In Contempt of Congress: Postwar Press Coverage on Capitol Hill by Mark J. RozellIn Contempt of Congress: Postwar Press Coverage on Capitol Hill by Mark J. Rozell

In Contempt of Congress: Postwar Press Coverage on Capitol Hill

byMark J. Rozell

Hardcover | July 1, 1996

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Over the past decade, the public's opinion of Congress has declined--election after election--to record lows. Mark J. Rozell examines the electorate's ongoing disgust with its legislature and the reasons for it. Putting recent Congresses in historical perspective, he notes that our modern representatives are actually less corrupt than those of the past, due in large measure to increased public scrutiny and ongoing tightening of ethics and conflict of interest rules. Still, the public remains skeptical, indeed hostile, toward that most representative of our national institutions. Rozell finds that much of the blame goes to highly negative press coverage of the Congress, and government in general, and that while Congress has always been a favorite target of critics and comedians, healthy skepticism has now largely been replaced by a debilitating cynicism that undermines the foundations of representative government. A major study which will be of interest to scholars and students of American politics, government, and media.

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Title:In Contempt of Congress: Postwar Press Coverage on Capitol HillFormat:HardcoverDimensions:160 pages, 9.6 × 6.41 × 0.74 inPublished:July 1, 1996Publisher:Praeger Publishers

The following ISBNs are associated with this title:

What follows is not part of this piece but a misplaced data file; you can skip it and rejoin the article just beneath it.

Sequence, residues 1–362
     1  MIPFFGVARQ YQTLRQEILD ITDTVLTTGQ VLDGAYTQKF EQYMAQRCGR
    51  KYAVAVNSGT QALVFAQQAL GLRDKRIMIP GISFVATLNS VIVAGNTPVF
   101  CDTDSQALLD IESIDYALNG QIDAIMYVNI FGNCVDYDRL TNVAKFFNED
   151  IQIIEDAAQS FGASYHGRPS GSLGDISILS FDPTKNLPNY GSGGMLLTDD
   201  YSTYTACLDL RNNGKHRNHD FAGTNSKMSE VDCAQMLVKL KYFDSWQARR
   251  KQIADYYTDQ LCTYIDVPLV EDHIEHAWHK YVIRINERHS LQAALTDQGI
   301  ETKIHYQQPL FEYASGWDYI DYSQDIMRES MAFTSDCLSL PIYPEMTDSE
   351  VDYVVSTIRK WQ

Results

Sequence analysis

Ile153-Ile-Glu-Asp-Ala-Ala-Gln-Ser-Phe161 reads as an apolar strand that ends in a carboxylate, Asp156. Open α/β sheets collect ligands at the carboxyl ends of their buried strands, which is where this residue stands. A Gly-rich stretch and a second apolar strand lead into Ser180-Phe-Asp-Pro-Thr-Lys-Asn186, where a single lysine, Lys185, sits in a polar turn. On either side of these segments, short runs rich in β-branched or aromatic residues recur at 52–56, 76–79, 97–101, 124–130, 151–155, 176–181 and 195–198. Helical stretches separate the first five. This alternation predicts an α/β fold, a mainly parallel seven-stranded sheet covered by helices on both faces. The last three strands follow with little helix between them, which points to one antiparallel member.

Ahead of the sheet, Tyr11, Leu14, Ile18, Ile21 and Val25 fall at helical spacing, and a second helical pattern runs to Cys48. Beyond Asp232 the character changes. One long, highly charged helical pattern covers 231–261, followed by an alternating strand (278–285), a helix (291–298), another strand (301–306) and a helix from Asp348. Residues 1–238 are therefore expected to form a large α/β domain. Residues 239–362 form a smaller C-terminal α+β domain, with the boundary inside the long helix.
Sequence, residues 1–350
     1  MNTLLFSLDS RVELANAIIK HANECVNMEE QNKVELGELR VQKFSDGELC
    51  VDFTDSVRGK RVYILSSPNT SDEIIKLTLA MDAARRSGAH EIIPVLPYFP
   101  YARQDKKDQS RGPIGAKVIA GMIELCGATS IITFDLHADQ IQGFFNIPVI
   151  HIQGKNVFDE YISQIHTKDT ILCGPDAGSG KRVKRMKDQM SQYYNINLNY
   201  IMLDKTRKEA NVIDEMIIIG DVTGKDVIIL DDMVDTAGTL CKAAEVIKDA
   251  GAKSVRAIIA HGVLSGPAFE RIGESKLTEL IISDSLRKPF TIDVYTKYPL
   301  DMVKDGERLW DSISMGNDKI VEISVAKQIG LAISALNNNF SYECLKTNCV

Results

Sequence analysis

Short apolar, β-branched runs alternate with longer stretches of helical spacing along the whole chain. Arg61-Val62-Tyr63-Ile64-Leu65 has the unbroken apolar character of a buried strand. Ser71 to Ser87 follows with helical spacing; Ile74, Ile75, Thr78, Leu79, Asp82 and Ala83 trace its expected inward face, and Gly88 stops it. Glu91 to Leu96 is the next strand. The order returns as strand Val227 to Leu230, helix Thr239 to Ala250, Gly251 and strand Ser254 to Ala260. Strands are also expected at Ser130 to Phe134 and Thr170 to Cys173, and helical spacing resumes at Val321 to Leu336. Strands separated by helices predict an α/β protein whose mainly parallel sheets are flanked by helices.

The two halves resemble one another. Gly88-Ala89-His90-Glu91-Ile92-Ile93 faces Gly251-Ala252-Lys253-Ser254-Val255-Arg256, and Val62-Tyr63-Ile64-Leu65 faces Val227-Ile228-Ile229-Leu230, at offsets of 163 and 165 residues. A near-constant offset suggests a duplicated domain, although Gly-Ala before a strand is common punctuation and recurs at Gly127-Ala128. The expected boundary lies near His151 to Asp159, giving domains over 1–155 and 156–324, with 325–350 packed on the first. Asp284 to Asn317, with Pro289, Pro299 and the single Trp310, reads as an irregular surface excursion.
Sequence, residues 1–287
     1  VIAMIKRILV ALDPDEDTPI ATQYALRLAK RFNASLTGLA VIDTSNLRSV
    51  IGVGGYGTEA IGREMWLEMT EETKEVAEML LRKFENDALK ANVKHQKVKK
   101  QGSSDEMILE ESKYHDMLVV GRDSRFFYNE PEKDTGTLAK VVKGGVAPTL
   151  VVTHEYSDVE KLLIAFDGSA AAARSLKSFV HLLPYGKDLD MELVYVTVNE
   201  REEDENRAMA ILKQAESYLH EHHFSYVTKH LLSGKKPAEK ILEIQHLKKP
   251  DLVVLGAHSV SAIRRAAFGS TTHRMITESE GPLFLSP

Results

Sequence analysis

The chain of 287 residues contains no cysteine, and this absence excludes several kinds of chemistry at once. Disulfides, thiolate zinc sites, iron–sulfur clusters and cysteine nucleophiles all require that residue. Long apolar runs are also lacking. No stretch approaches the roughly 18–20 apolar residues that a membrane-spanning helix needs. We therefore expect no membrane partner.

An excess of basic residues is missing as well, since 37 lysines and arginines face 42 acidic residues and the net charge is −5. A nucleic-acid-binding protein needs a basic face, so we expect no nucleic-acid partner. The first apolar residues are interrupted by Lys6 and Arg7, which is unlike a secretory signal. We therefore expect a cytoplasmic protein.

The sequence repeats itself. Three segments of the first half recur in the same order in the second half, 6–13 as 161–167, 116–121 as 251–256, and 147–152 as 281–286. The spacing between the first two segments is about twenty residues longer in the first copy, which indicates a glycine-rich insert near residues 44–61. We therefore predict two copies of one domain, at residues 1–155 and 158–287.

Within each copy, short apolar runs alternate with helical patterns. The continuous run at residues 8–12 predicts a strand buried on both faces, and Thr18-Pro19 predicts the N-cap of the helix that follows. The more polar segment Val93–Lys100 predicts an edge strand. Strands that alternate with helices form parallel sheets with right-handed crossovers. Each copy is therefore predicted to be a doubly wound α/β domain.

ISBN - 10:0275956903

ISBN - 13:9780275956905

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Over the past decade, the public's opinion of Congress has declined - election after election - to record lows. Mark J. Rozell examines the reasons for the electorate's ongoing disgust with its legislature. Putting recent Congresses in historical perspectives, he notes that our modern representatives are actually less corrupt than those of the past, due in large measure to increased public scrutiny and ongoing tightening of ethics and conflict of interest rules. Still, the public remains skeptical, indeed hostile, toward this most representative national institution. Rozell finds that much of the blame goes to highly negative press coverage of the Congress, and government in general, and that while Congress has always been a favorite target of critics and comedians, healthy skepticism has now largely been replaced by a debilitating cynicism that undermines the foundations of representative government. This is a major study which will be of interest to scholars and students of American politics, government, and media.

Editorial Reviews

.,."Rozell's essential argument is that, although most members of Congress are ethical and conscientious, the institution is currently held in low esteem by the public primarily because press coverage has become increasingly negative and cynical.... A worthwile endeavor with insightful observations--e.g., that because of journalists' "strong preference for activist, progressive government...coverage is most favorable in those rare occasions of policy activism and leadership during crises.""-Choice